This is done with a spoon. in order to allow the escape of air and steam when the mold is being poured. These vent holes may be made by pushing a wire about the size of a knitting-needle down through the sand until it touches the pattern. by means of the sprue-cutter shown at the right. to prevent the pressure of the melted metal separating the two halves of the mold. In order to hold the tongs together a small link can be slipped on over the handle. The next operation is that of cutting the gate. wide and about 1/4 in.E should be covered with coal-dust. thus making a dirty casting. made out of steel rod. in order to loosen any sand which has a tendency to stick. after being poured. as shown at J. as the sand is liable to fall out of the cope and spoil the mold. Some molders tap the pattern gently when withdrawing. . in order to prevent overheating. but with a little practice and patience the molder can lift the cope every time without breaking it. place the cope back on the drag. as shown at F. When a metal pattern is used a thread rod is used. which consists of a piece of thin brass or steel tubing about 3/4 in. The cope is then filled with sand and rammed in exactly the same manner as in the case of the drag. III. by driving a sharp pointed steel rod into the pattern and lifting it from the sand. it shows that the sand is too wet. is next cut. Fig. An ordinary cast-iron glue-pot makes a good crucible and can be easily handled by a pair of tongs. which should be done soon after the metal is entirely melted. Place a brick or other flat. 4 -Pouring the Metal If. After the ramming is done a number of vent holes are made." or pouring-hole. A second piece of steel rod bent in the form of a hook at the end is very useful for supporting the weight of the crucible and prevents spilling the molten metal should the tongs slip off the crucible. Before drawing it is well to tap the drawing-rod lightly with another and larger rod. This is done by shaking the coal-dust bag over the flask. from the surface of the mold to the pattern. It is here that the amateur often becomes discouraged. deep. striking it in all directions and thus loosening the sand slightly from the pattern. heavy object on top of the mold above the pattern. the next operation is that of melting and pouring. The hook is also useful for removing the crucible from the fire. and should not be poured directly into the center of the opening. thus holding the crucible securely. in diameter. The pattern is then drawn from the mold. as shown at H. a channel being cut about 3/4 in.Melting and Pouring [98] Having prepared one or more molds. After drawing the pattern. which is screwed into a tapped hole in the pattern. as the metal will then strike the bottom hard enough to loosen the sand. and the castings in such cases will probably be imperfect and full of holes. which carries the molten metal from the sprue to the opening left by the pattern. The "sprue. after which the dust on the pattern may be removed by blowing. The metal should be poured into the mold in a small stream. as shown at H. as shown in the sketch. as shown at G. Now comes the critical part of the molding operation--that of lifting the cope from the drag. to give the air a chance to escape. and then pour. the mold sputters and emits large volumes of steam.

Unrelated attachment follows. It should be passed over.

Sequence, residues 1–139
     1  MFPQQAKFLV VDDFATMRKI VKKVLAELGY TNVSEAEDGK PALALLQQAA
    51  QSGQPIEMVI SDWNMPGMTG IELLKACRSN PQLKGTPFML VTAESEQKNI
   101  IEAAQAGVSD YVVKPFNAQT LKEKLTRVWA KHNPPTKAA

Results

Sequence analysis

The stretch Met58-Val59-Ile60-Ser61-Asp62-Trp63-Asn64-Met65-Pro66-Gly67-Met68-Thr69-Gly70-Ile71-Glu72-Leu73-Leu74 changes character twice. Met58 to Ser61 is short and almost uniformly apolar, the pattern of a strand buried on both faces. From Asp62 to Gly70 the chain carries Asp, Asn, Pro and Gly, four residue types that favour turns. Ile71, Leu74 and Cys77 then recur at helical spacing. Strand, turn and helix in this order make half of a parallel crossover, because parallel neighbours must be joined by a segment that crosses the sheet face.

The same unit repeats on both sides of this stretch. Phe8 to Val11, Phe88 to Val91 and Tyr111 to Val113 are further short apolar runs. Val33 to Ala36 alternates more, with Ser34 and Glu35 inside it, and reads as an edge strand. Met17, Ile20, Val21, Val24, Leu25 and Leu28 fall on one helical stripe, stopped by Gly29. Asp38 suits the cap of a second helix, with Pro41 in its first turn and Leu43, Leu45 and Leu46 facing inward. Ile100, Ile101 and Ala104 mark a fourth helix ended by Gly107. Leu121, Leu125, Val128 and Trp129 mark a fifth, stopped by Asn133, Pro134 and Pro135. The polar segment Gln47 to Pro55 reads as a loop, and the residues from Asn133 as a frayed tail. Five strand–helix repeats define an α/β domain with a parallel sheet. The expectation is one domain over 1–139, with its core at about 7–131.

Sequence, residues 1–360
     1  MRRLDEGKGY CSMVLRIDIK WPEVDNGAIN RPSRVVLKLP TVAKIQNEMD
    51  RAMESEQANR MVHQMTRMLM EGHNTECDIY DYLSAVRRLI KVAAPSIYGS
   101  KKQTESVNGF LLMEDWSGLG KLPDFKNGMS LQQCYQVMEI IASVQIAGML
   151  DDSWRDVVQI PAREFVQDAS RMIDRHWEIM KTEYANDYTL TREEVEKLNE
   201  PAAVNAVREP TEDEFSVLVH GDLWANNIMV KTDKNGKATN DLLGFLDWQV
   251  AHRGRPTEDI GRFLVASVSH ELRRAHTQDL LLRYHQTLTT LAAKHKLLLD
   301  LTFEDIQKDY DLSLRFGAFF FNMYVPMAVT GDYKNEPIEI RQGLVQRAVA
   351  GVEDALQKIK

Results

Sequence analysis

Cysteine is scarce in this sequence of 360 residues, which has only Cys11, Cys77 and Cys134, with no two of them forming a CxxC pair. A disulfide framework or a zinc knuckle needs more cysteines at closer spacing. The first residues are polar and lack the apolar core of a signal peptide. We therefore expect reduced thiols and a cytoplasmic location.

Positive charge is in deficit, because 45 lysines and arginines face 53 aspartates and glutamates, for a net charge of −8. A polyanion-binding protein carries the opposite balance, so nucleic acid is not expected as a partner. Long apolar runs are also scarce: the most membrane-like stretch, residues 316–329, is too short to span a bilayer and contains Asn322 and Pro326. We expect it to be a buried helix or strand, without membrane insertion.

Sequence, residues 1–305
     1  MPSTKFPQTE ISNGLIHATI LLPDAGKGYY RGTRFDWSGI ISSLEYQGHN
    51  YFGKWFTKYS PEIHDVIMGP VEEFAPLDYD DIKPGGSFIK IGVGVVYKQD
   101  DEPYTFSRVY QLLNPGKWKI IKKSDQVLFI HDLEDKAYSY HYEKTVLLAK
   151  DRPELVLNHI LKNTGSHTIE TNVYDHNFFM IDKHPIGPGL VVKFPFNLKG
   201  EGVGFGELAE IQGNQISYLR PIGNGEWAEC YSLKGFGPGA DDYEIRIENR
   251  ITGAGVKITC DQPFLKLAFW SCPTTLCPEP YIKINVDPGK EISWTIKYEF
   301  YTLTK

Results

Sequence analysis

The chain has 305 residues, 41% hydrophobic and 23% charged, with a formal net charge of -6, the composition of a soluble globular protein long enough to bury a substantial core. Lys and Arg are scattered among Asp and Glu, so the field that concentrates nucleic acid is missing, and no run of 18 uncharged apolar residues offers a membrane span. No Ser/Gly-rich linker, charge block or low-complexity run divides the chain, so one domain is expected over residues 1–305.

5% zinc and 5% antimony. although somewhat expensive. Referring to the figure. Morton. the following device will be found most convenient. is very desirable. Although the effect in the illustration . battery zincs. the permanent brightness and silver-like appearance of the castings is very desirable. Tin melts at a temperature slightly above the melting point of solder. but any reasonable number may be used. and the casting is then ready for finishing. In my own case I used four batteries. 15% lead. The time required for a casting to solidify varies with the size and shape of the casting. A very good way to make the binding posts is to remove the binding posts from worn-out dry batteries and place them in the molds in such a way that the melted zinc will flow around them. it will be seen that by moving the switch A toward the left the current can be reduced from four batteries to none. Minneapolis. A good "white metal" may be made by mixing 75% tin. but unless the pattern is a very large one about five minutes will be ample time for it to set. In the various positions of these two switches the current from each individual cell. An Optical Illusion [99] The engraving shows a perfectly straight boxwood rule laid over a number of turned brass rings of various sizes. although this metal melts at a higher temperature than any of the metals previously mentioned. The casting is then dumped out of the mold and the sand brushed off. aluminum can be melted without any difficulty. used only for zinc. and adding a little antimony if the metal shrinks too much in cooling. In casting zincs for batteries a separate crucible. If a good furnace is available. may be used in either direction. The gate can be removed with either a cold chisel or a hacksaw. but a metal which is easily melted will give the least trouble. babbitt. --Contributed by Harold S. Battery Switch [99] In cases where batteries are used in series and it is desirable to change the strength and direction of the current frequently.A mold made in the manner previously described may be poured with any desired metal. A very economical alloy is made by melting up all the old type-metal. and then by moving the switch B toward the right the current can be turned on in the opposite direction to the desired strength. and. or from any adjacent pair of cells. The object of adding antimony to an alloy is to prevent shrinkage when cooling. as the presence of a very small amount of lead or other impurity will cause the batteries to polarize. One of the easiest metals to melt and one which makes very attractive castings is pure tin. white metal and other scrap available.